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Photo of attorneys Irena Inman, David L Callahan, Dahlia Bonzagni and Laurel A Barraco
, Photo of attorneys Irena Inman, David L Callahan, Dahlia Bonzagni and Laurel A Barraco ,

Navigating divorce and real estate holdings

On Behalf of | Aug 25, 2022 | Divorce

The decision to get divorced is never an easy one. Along with the emotional stress that comes with a break-up, there are also many financial considerations to take into account. One of the most important aspects of any divorce is dividing up the couple’s assets and liabilities, which includes their real estate holdings.

What happens to the family home in a divorce?

In most cases, the family home is the biggest asset that a couple has. So what happens to it when they get divorced? The answer depends on a number of factors, including whether there are children involved and who will be staying in the home. If the couple can agree on who will keep the home, then they can simply transfer ownership to that person. However, if they can’t agree, then the home will have to get sold and the proceeds split between the two parties.

If one spouse wants to keep the family home, they will usually have to buy out the other spouse’s share. This can be done by refinancing the mortgage in their name only or by taking out a new loan. If the couple has equity in the home, they may be able to take out a home equity loan or line of credit to help finance the buy-out.

How about other real estate holdings?

In addition to the family home, couples may also own other properties, such as investment properties or vacation homes. These assets will also need to get divided up in a divorce. In most cases, these properties will get sold and the proceeds split between the two parties. However, if one spouse wants to keep a particular property, they may be able to buy out the other spouse’s share.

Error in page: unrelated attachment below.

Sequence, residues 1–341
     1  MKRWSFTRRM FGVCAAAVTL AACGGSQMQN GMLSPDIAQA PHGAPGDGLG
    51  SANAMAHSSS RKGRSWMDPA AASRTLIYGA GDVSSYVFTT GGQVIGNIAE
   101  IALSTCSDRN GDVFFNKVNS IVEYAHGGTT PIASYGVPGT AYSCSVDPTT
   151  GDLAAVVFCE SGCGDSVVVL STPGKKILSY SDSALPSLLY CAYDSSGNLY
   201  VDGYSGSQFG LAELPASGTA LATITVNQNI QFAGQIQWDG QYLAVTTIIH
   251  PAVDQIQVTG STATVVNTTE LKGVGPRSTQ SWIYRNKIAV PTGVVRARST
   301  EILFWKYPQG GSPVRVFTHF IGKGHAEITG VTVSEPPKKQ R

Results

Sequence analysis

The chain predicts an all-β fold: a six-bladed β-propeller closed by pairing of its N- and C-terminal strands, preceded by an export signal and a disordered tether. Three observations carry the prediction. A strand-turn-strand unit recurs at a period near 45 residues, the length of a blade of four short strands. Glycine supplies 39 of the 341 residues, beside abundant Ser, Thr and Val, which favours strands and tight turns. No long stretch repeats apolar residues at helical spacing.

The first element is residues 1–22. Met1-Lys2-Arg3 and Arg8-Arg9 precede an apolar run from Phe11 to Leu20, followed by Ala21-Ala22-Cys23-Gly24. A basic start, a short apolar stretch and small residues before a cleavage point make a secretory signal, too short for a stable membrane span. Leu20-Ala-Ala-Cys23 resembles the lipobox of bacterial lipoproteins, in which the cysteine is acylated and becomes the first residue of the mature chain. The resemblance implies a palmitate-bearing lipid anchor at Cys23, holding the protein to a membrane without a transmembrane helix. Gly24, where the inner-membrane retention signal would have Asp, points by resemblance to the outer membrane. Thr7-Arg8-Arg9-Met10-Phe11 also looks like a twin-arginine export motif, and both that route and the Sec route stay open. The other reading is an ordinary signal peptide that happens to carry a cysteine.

However, there’s a difference between marital and separate property when it comes to real estate holdings. Marital property is any asset that was acquired during the marriage while separate property is anything that was owned by one spouse before the marriage or inherited by them during the marriage. In some states, family law dictates that only marital property is subject to division in a divorce, while in others both marital and separate property may get divided.

Dividing up real estate holdings in a divorce can be a complex and emotional process. However, it’s important to understand all of your options and make sure that you are getting fair treatment in the division of assets.